European stock markets went further into correction territory on Friday, and were on their way to set the worst weekly decrease since the time of the global financial crisis as global benchmark equities continued to slide on the back of coronavirus unrest already outside China, as it could trigger a worldwide recession.
The pan-European Stoxx 600 index sank by 3.85 percent, to 374,44 at 1019 GMT on Friday, having plummeted the previous day by 3.75 percent, entering a correction territory as it lost 10.2 percent from its all0time close of 433.90, the result, which was registered on February 19, 2020. As for the weekly value, the index eased by over 12 percent, which is the worst since a 21 percent tumble seen during the week, ended on October 10, 2008.
Mining sector, travel & leisure stocks and tech area were the loss-leaders, being down by more than 3 percent.
UK’s air carrier IAG was the top decliner on the STOXX 600 index after saying the Covid-19 would hit full-year earnings and due to unknown rapidly evolving nature of the outbreak the company cannot say by how much it would affect the proceeds.
Germany’s BASF also warned that earnings could decrease further this year as the perverse effects from the Covid-19 outbreak affect demand from its industrial customers. The company’s shares went down by near 3 percent on Friday.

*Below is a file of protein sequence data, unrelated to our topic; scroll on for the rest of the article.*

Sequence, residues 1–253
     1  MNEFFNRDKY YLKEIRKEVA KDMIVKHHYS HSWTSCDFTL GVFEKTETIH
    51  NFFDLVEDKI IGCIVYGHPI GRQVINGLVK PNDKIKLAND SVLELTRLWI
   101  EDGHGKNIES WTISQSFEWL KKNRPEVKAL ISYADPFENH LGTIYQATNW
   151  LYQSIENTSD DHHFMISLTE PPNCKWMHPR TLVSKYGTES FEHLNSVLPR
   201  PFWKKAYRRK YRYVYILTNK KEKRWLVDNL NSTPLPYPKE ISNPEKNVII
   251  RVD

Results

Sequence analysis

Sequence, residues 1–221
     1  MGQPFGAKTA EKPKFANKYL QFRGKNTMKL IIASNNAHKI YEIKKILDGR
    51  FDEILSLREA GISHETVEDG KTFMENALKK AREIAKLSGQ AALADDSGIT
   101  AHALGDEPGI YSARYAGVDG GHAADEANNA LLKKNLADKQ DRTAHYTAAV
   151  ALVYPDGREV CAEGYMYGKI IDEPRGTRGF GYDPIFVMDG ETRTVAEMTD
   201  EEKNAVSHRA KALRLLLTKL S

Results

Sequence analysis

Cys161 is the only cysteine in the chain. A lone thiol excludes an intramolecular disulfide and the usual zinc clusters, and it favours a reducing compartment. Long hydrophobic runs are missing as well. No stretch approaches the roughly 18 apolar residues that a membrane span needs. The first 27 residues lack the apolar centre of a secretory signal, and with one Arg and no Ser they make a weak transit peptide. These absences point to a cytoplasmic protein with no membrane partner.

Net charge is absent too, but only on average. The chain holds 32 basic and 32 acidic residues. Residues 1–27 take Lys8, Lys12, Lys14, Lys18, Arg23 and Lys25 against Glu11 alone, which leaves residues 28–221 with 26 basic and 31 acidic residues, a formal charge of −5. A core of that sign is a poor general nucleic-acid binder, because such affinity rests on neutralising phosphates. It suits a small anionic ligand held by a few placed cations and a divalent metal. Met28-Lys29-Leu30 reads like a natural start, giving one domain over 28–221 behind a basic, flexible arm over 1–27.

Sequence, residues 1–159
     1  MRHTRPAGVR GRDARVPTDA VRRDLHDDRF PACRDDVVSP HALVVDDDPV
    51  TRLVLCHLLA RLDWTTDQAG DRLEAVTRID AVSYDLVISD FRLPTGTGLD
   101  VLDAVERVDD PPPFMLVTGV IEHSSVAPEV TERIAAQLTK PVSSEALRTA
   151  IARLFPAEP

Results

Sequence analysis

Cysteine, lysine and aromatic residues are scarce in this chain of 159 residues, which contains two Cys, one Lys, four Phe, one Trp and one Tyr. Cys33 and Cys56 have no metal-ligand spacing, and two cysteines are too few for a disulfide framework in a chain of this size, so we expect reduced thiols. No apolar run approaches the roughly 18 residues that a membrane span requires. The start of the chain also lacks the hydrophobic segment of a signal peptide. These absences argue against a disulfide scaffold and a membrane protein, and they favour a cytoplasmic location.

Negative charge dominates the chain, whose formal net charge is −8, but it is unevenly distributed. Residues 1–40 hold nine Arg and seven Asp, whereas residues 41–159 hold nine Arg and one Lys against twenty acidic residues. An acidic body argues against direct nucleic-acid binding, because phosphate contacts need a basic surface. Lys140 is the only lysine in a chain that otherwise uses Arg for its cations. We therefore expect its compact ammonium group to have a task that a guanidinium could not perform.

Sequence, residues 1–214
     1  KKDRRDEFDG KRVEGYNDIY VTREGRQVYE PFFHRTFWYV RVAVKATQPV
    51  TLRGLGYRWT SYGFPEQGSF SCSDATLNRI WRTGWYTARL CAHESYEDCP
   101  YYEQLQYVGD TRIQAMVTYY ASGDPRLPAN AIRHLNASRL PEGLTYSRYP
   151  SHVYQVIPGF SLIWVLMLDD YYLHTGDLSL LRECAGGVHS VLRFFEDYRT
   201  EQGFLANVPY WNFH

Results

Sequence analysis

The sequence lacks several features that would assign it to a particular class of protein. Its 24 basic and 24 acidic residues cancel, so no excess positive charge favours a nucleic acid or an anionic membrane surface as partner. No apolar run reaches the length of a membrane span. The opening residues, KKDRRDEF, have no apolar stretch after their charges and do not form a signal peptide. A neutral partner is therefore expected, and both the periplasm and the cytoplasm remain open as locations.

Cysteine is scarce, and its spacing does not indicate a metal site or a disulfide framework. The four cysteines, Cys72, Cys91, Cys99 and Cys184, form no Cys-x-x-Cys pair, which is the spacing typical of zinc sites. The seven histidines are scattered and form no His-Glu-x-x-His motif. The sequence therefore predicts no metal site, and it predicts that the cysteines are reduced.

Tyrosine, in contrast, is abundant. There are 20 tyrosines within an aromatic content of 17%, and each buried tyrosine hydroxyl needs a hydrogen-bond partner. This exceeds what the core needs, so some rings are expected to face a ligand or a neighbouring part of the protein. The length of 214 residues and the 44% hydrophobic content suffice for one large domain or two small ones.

Germany’s DAX, the top loser on Friday slid by 4.29 percent, to 11,836;
UK’s FTSE 100 and Spain’s Ibex 35 lost both 3.72 percent, to 6,543 and 8,651 respectively;
France CAC 40 tymbled by 3.28 percent, to 22,050.
On Friday, 4 new countries reported their first coronavirus cases uptick, totaling the number of countries outside China, to 55. The death toll in Italy reached 17 and the number of people, diagnosed with infection of more than 200 to 655.
The WHO delivered a warning, that Covid-19 may become a pandemic, while Moody’s said that the developments would trigger global and U.S. downturns in the first half of the current year.
Munich Re securities decreased by 5 percent after a sluggish Q4 profit results, which dropped on major losses from natural catastrophes and other claims.
Thyssenkrupp shares went down by 4 percent, even as it announced the sale of its elevators unit to a consortium of Advent, Cinven and Germany’s RAG foundation in a deal worth €17.2 billion ($18.7 billion).
Airbus shares tumbled by 4.07 percent, BNP Paribas lost 3.29 percent, Sanofi Went down by 3.83 percent, ArcelorMittal eased by 4.27 percent. Kering tumbled by 3.45 percent. SAP, Bayers went also down by 3.57 percent and 4.07 percent respectively.